The sun is setting on the area forecast.
The National Weather Service said the weather product, long familiar to pilots as a major component of preflight weather briefings, will be discontinued for the continental United States and Hawaii in the second half of 2016. Area forecasts will continue to be issued for Alaska, the Caribbean, and the Gulf of Mexico.
The FAA, in a June 2014 Federal Register notice of a proposed transition to digital and graphical alternatives, explained that area forecasts “tend to produce a broad forecast of limited value. While the Area Forecast (FA) met aviation weather information needs for many years, today NWS provides equivalent information through a number of better alternatives.”
Patrick Murphy, a senior aviation meteorologist with the FAA’s NextGen program, said that the National Weather Service “currently produces forecasts with the same information contained within the Area Forecast in other products which are much more accurate, have more detailed information, and higher resolution. These products, taken with other weather information such as TAFs (terminal aerodrome forecasts), METARs (surface observations), and radar and satellite data, will provide pilots and briefers with better situational awareness and lead to improved decision making.”
A government-industry working group that included the AOPA Foundation “recommended that the Area Forecast (FA) be transitioned to more-modern digital and graphical forecasts, observations, and communications capabilities that provide improved weather information to decision-makers,” the agency said in its notice.
AOPA was informed of the timetable for the transition by Bob Maxson, director of the National Oceanic and Atmospheric Administration’s Aviation Weather Center, said Rune Duke, AOPA director of government affairs for airspace and air traffic.
AOPA supports the transition, reporting at the time the notice was published that the FAA would conduct a formal safety risk assessment before the transition from the 1930s-era weather product takes place.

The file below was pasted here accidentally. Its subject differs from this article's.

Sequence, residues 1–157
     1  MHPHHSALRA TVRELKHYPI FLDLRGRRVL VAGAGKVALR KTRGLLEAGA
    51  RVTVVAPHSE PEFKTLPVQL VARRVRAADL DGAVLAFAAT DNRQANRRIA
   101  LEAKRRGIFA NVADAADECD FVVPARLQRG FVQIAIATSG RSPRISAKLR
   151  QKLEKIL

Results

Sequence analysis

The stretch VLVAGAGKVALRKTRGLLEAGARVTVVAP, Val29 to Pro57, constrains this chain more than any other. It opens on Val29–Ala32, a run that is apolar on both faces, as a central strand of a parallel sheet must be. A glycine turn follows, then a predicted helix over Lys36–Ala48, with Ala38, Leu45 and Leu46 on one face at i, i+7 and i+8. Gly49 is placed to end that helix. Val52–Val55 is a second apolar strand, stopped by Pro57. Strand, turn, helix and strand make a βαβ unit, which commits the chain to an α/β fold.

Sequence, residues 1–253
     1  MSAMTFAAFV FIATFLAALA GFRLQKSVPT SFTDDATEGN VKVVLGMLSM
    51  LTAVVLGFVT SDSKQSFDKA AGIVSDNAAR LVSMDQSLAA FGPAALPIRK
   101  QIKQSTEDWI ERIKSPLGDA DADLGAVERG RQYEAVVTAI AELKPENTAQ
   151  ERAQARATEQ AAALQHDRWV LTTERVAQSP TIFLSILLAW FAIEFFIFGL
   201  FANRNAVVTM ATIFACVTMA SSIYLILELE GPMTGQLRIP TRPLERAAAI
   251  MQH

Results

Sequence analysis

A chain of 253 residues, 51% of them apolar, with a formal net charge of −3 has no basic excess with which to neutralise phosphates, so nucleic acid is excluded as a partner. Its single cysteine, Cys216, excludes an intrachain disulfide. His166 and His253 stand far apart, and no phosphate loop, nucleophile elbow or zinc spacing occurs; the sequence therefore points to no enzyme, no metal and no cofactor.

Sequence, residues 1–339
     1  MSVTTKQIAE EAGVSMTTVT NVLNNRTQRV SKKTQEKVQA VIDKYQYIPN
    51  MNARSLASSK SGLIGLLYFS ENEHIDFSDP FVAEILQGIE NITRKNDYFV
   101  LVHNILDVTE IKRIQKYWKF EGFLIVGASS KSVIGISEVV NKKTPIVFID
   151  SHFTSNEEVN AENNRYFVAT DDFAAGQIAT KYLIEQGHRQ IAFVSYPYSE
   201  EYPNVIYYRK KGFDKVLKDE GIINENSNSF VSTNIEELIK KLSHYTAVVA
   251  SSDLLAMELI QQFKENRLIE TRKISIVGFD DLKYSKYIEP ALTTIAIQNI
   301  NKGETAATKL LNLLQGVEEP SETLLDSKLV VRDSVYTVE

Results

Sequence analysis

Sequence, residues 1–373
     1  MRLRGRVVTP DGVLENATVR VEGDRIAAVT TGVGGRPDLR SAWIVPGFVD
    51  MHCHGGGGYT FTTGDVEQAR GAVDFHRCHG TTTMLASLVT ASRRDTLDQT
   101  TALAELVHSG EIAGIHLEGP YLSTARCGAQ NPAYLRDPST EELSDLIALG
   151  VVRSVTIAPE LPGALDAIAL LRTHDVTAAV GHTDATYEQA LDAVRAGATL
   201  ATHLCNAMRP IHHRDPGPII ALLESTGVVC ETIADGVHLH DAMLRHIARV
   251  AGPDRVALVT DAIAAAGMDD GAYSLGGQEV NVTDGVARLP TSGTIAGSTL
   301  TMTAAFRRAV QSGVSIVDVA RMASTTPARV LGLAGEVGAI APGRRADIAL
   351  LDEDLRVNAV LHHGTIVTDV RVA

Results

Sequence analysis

“AOPA has been involved in the process from the beginning, and will be involved in testing the prototype weather products prior to public release,” said Duke. “The association will gather information to educate members about the transition, and will work with the FAA to update its publications and testing materials.”
Several of the replacement weather products were expected to be available this year, but have been delayed, Duke said.
Area forecasts will be available for at least three months after the new weather products come online.
Instrument pilots who rely on area forecasts to determine whether to file an alternate airport will be able to use new graphical products to determine ceiling and visibility, he said. Other weather products currently available from the National Weather Service that provide information similar to area forecasts, in graphical format, include surface weather analysis and prognostic charts; significant weather (SIGWX) charts; and airmets.
The transition will require the FAA to update federal aviation regulations to remove references to area forecasts. Publications such as the Pilot’s Handbook of Aeronautical Knowledge and the Aeronautical Information Manual also will be updated. Some airman knowledge tests and supplements will be amended to remove questions and graphics related to area forecasts.
“Many pilots use area forecasts when flying, so this will be a big change, but it will be a positive change as we head away from complex text toward user-friendly graphics,” Duke said.